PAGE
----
More efficient? Single 9v battery or 4, AA batteries?

Discussion in 'General Electronics Chat' started by cosmotcat, Jan 16, 2019.

  1. cosmotcat

    Thread Starter New Member

    Jan 16, 2019
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    So... very simple project. No LED’s, no motors, etc. Small power consumption - no need for any big power, MUST run on 5v (yes, a 5v regulator circuit will be used) and must run for extended periods of time.

    Which is more efficient (and would last longer)? A single 9v battery, or 4, AA (or possibly AAA) batteries?

    Forget about Lipo or any rechargeables for now. Multiple units will make that cost-prohibitive.

    I’m scratching my head. Trying to go for smallest size with most efficiency/longest life.
     
  2. crutschow

    Expert

    Mar 14, 2008
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    The AAs or AAA's have more Ah capacity than a 9V, so will last longer.
    The 9V also wastes more energy when dropped to 5V.

    Note that if you run on four alkalines, which give 6V, you will need a very low dropout regulator for 5V output.
     
  3. cosmotcat

    Thread Starter New Member

    Jan 16, 2019
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  4. cosmotcat

    Thread Starter New Member

    Jan 16, 2019
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    Thank you. A quick, simple, easy reply.

    I was kind of thinking that but wanted to be certain.
     
  5. Norfindel

    AAC Fanatic!

    Mar 6, 2008
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  6. rsjsouza

    Member

    Apr 21, 2014
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    I know it is somewhat unrelated but, depending on the power consumption, AAs or AAAs tend to leak if used for a very prolonged time. 9V batteries (6LR61) have better resistance against leakage.

    I have been giving preference to 9V batteries if the product/equipment needs to be left alone for years.
     
  7. dl324

    AAC Fanatic!

    Mar 30, 2015
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    How can you expect any thoughtful recommendations unless you provide more details?

    You say it "must" run on 5V. Explain to us why? Just about everything has a tolerance with the supply voltage. Even 5V TTL can operate from 4.5-5.5V.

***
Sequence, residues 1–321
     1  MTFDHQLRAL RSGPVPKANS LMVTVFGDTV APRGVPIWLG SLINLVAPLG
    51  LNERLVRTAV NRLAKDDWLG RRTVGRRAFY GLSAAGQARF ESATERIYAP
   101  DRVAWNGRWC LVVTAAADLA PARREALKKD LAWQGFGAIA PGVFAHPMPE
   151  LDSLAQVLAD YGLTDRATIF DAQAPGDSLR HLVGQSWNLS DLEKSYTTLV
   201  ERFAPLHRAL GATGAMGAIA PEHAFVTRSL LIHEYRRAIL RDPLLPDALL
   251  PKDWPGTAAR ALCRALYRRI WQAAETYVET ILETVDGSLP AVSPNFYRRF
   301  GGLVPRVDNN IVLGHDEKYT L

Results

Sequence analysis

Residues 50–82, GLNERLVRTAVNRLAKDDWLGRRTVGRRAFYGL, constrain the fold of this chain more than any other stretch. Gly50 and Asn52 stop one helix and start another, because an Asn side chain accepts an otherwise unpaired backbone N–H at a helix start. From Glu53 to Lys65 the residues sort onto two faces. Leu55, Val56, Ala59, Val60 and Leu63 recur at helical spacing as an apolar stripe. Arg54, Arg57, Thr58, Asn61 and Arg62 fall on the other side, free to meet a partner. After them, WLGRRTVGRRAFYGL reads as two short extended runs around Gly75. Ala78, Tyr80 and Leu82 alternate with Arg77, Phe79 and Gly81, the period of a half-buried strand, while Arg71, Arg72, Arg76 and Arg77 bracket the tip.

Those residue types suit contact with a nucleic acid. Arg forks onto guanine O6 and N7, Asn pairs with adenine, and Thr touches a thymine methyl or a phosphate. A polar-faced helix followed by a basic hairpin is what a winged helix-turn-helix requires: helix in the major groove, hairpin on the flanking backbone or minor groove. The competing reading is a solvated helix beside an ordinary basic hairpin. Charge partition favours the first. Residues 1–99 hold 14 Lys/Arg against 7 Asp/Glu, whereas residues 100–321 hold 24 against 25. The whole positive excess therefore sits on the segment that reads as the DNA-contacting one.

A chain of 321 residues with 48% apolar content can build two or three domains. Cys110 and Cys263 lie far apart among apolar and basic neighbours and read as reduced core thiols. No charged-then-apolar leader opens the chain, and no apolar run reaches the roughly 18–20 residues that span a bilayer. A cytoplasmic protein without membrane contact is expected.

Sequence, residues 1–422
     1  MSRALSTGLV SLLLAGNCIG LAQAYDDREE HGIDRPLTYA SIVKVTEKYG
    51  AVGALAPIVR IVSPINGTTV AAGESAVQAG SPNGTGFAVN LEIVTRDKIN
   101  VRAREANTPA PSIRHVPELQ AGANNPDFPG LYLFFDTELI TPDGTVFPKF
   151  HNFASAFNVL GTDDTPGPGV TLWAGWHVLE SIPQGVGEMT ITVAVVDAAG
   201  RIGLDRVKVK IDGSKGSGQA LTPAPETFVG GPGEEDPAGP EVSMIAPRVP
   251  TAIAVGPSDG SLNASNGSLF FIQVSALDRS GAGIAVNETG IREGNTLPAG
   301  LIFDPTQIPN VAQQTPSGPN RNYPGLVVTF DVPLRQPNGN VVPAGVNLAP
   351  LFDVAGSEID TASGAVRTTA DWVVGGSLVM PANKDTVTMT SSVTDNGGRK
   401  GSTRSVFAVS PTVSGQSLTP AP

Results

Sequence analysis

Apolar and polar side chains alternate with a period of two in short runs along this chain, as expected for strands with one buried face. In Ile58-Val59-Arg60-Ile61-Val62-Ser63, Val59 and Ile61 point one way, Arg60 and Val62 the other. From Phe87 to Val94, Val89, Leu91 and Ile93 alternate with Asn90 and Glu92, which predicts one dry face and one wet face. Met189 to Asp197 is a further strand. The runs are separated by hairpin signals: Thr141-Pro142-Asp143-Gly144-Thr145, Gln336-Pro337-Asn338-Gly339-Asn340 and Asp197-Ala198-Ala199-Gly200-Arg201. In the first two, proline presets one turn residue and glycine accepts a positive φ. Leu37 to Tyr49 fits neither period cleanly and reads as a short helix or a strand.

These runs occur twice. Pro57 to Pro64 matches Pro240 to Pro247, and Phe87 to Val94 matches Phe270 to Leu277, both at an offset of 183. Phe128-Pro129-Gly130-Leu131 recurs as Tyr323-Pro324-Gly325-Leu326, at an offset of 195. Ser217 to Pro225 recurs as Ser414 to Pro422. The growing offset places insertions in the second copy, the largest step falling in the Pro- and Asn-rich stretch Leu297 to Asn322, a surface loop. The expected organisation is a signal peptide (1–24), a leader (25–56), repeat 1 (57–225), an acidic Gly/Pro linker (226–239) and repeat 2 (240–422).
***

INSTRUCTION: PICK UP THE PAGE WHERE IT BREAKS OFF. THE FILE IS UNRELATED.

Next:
If you use a voltage regulator, it "has" to dissipate (i.e. waste) power.

    What is the current to be drawn from the batteries? What does extended mean? Why are you precluding secondary batteries? I have literally saved thousands of dollars by using secondary batteries. Primary batteries end up in landfill after a single use. Secondary batteries can be recharged many dozens of times, it not hundreds.

    For 5V operation, selecting a 9V battery wouldn't be a reasonable solution and should be dropped from consideration. AAA batteries would give longer run time because 9V batteries are pretty wimpy to begin with.
     
  8. cosmotcat

    Thread Starter New Member

    Jan 16, 2019
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    Thanks, but it was answered. Your last paragraph backed it up. It’s all I need at this beginning, prototype stage.
     
  9. Norfindel

    AAC Fanatic!

    Mar 6, 2008
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    That's a very good point. Even more: if all the components can work with 6v (or the max battery voltage, which could be slightly larger), then maybe he doesn't even need a voltage regulator.
     
  10. paulktreg

    AAC Fanatic!

    Jun 2, 2008
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    ....or put one maybe two diodes in series with the batteries?
     
  11. wayneh

    Expert

    Sep 9, 2010
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    Depending on your needs, two AAs with a DC-DC boost converter might be a good solution. It would maintain constant output 5V even as the battery voltage sags. There are many such converters available for cheap on eBay if you want to experiment.
     
    Kjeldgaard likes this.
  12. Audioguru

    Expert

    Dec 20, 2007
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    A 9V alkaline battery very quickly runs down to 6V. Energizer battery company rates its capacity when it has run down to 4.8V.
    Four alkaline cells begin at 6.2V but soon run down to 4V. Energizer rates the capacity of one cell when it has run down to 0.8V.
     
  13. Tonyr1084

    Distinguished Member

    Sep 24, 2015
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    Instead of four batteries, five. The added voltage will give you extra headroom. However, you're still wasting a lot of battery power by pushing it through a regulator.

    You MIGHT consider PWM (Pulse Width Modulation as a means of regulating the voltage. It wastes less energy. Unless your energy consumption is going to be extremely low. But then again, using a linear regulator that turns extra voltage into heat - that's going to use a lot of energy.

    Love these mysteries when the thread starter doesn't give us enough detail. Then after many posts it starts to become clear the person who is reluctant to tell us what they're trying to do is to build something that can't exist - such as an over-unity device. Now, I don't know that's what you're up to; I could be wrong. But if it is - tell us now so we can stop wasting our time.
     
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